Coming off a stellar sophomore season (including a dominating performance over a certain undefeated team with a top-10 pick on their roster), Eric Mika was faced with a difficult choice: stay at BYU or enter the NBA draft. Mika declared for the draft, initially to test the water and get a feel for what NBA teams thought of him and how he needed to develop. After receiving that feedback, he decided to gamble on his chances of playing professionally and stayed in the draft. Unfortunately, every NBA team passed.
That leaves Mika with two likely options: the NBA G-League or going to a foreign league. Let’s assume Mika knew that he wasn’t going to get drafted Thursday night, leaving him with the option of staying at BYU or playing in a second-tier league. I firmly believe he made the right decision. I believe this because I, as well as many other recent graduates, faced a similar situation.
>>> UPDATE: Mika commits to Miami Heat for summer league
Approaching graduation, students are forced to choose to choose between continuing their education in graduate school or entering the workforce. I am an engineer by trade and the job I accepted had a base salary for a bachelor’s degree, with four guaranteed annual raises. Someone graduating with a master’s degree (two additional years of schooling) would get hired in at the same salary as someone with a bachelor’s degree and two years of work experience. I choose to start working immediately. Instead of staying in college for two additional years and make the same salary, I chose to start making money.
That is the lens through which I see and understand Mika’s decision. He was a borderline second round pick at best; he was destined for the G-League or overseas. His best chance at a lasting professional career was through leaving early and (in my opinion) his best choice is to make as much money as he can. Staying at BYU and playing for free is a bad choice. Even if you count the cost of education at BYU as “payment,” playing for a paycheck is a much better option since he will end up making more money than college costs.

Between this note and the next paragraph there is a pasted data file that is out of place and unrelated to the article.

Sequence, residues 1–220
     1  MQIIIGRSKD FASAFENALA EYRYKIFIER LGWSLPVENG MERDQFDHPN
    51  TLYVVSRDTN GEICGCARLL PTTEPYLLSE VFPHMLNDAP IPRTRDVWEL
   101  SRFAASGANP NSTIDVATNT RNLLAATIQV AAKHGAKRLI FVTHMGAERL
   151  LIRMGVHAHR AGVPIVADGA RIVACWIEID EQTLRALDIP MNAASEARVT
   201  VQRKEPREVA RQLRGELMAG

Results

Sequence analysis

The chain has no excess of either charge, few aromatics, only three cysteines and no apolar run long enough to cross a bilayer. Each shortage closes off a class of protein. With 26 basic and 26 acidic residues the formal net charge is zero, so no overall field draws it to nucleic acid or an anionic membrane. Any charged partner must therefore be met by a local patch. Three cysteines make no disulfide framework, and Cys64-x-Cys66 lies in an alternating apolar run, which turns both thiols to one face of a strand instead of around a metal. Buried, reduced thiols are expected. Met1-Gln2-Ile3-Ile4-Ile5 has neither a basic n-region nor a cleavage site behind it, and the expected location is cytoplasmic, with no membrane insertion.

For reference: G-League salaries range between about $20,000-$30,000 with chances at 10 day NBA contracts worth up to $60,000 per 10 day stint. European leagues usually offer starting contracts between $60,000 and $100,000 per year. Choosing to finish his career at BYU would cost Mika somewhere between $40,000 and $200,000.
Also consider this year’s draft class. Mika was born in January 1995. A total of 3 players in this year’s draft are older than him. Assume he stayed one more year and then declared. If drafted, he would easily be the oldest player taken. If he was a senior this year, he would be a year and a half older than any player taken in the draft.
We see this time and time again with BYU athletes. Professional teams don’t like taking 24 or 25 year olds when there are 18-20 year olds with similar skill sets. If Mika wants to have a chance at playing his way into the NBA, the best option, both financially and for actual odds of making a roster, was to stay in the draft and play his way onto a team.
Knowing that, put yourself in his shoes for a moment. If you had to choose between taking your best shot at your dream job while making money, or missing out on your dream job for no money, which would you choose? For Eric Mika, that answer was to leave BYU now.